Sport skill memory is developed when athletes learn and remember motor skills. Motor memory techniques can accelerate the skill acquisition process so athletes can progress to higher levels of sport performance more quickly.
Motor learning principals are drawn from psychology and applied to sports training. Coaches can use the following sport memory techniques to speed up skill learning and retention for athletes of any age:
1. Help athletes learn skills correctly the first time. Initial learning is most impressionable. A skill learned is incorrectly often difficult to re-pattern. Coaches should monitor and guide athletes to learn proper technique when athletes are still in the early stages of learning.
2. Teach skill rhythms first, then refine the movements. Athletes can learn and recall rhythmic movements more quickly than isolated movements, just as rhymes are more remembered in verbal learning.
3. Chunk movements. Movements can be learned and processed if they are "chunked", or grouped, into larger movements. This grouping technique increases an athlete's capacity to learn and perform sport skills. Break skills down only as much as necessary. Overanalysis causes paralysis.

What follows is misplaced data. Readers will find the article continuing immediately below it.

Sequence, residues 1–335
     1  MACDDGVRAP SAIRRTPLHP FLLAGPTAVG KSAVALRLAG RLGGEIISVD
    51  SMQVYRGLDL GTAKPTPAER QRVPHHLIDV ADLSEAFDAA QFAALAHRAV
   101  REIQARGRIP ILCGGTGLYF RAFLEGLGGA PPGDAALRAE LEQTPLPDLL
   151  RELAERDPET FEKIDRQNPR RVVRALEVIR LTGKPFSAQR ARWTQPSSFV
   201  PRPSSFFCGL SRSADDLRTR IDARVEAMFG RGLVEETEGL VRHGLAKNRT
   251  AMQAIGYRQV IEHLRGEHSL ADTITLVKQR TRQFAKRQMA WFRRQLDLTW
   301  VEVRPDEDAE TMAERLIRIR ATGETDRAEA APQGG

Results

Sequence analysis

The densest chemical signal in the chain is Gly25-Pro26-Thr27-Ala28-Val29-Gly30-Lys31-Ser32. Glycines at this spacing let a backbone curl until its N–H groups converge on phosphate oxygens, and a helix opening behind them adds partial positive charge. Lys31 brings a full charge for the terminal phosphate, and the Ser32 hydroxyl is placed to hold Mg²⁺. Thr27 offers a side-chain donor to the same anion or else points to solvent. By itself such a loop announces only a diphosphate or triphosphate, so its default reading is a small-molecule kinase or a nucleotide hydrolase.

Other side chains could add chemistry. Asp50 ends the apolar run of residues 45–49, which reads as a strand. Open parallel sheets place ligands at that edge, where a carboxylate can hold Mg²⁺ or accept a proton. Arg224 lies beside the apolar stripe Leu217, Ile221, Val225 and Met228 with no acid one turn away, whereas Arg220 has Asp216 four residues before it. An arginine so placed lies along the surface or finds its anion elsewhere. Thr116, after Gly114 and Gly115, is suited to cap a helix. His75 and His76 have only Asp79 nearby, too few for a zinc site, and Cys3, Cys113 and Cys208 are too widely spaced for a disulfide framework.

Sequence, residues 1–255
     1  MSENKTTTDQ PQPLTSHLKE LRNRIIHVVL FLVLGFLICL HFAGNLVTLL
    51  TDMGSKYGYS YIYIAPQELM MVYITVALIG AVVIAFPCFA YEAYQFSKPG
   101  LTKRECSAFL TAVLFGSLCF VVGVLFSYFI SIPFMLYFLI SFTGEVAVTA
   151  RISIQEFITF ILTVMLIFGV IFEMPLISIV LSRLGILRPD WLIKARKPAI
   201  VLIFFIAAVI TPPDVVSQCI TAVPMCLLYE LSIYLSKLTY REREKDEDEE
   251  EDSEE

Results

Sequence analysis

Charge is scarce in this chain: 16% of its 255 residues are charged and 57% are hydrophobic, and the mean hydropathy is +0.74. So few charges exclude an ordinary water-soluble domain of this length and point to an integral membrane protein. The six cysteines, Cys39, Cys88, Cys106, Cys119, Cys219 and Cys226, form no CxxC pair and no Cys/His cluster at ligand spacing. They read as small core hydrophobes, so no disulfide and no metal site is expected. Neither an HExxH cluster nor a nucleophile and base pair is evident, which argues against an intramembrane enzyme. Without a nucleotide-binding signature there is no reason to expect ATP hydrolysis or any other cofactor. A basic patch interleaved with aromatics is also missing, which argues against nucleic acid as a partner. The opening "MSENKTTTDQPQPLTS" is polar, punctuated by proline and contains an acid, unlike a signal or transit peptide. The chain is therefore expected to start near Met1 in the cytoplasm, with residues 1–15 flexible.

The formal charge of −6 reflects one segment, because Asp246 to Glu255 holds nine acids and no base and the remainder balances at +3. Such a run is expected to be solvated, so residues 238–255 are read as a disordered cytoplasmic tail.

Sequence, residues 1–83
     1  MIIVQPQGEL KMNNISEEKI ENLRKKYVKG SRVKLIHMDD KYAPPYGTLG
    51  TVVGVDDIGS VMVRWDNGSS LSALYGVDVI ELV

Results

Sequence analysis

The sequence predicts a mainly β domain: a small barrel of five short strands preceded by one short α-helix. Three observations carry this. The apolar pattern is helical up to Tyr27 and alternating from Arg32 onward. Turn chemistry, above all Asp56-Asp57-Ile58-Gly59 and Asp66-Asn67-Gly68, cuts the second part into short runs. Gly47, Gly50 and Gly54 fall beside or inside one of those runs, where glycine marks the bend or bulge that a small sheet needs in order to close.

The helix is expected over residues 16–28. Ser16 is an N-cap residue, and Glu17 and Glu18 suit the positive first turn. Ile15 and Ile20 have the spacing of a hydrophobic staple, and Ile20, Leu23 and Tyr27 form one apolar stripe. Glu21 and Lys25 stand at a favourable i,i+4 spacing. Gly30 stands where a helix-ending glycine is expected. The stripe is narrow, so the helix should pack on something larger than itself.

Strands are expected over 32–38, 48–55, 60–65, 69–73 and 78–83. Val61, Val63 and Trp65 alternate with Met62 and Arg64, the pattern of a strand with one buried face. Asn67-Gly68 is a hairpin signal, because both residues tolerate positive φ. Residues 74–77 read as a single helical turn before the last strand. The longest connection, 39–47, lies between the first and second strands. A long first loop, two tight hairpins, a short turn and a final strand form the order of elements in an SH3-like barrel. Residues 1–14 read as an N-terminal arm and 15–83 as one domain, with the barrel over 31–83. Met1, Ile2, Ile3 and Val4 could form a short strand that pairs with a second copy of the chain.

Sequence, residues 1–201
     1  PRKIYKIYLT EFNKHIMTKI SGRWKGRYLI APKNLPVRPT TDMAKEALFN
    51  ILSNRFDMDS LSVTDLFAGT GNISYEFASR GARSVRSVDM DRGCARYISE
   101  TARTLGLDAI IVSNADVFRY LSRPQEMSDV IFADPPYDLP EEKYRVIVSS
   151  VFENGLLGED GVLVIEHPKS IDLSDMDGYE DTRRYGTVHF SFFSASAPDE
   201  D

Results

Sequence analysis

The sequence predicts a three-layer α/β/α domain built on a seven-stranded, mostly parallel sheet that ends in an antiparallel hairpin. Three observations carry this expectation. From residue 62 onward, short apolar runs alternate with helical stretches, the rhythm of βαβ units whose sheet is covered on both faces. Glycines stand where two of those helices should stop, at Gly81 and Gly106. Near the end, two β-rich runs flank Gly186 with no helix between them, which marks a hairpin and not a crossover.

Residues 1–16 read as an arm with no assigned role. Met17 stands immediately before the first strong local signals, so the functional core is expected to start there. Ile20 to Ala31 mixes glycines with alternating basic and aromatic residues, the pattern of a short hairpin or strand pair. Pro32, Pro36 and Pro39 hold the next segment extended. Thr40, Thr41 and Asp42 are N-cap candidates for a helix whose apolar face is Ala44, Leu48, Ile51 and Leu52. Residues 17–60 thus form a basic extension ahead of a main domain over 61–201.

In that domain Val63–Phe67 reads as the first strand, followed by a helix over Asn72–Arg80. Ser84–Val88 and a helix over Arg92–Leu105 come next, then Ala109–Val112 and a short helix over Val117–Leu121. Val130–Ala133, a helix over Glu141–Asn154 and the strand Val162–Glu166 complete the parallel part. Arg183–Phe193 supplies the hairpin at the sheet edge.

4.Make new skills meaningful. Explain and demonstrate new skills so that the athlete understands what the skill requires and why it is executed that way. Also make clear how a skill, movement, or strategy will help the athlete improve sport performance.
5. Associate new skills and concepts with well-learned skills. Athletes learn new skills more quickly if key movements make sense to them. A coach can capitalize on an athlete's previous experience and maturity level by suggesting mental images that associate new skill concepts and features with familiar ones.
6. Point out specific cues that require the athlete's attention. Intention to remember alerts an athlete to important aspects of a skill or game situation. An athlete's ability to focus and remember key cues distinguishes beginners from skilled performers.
7. Overlearn skills to correct errors. Overlearning means practicing skills beyond what is necessary to perform them properly. It is effective for correcting previously learned errors and for reinforcing properly coordinated movements.
Sport memory techniques such as these can streamline training, saving valuable time and effort. These are just a few of the many tools used for how effectively convey what skills and strategies athletes need to know.
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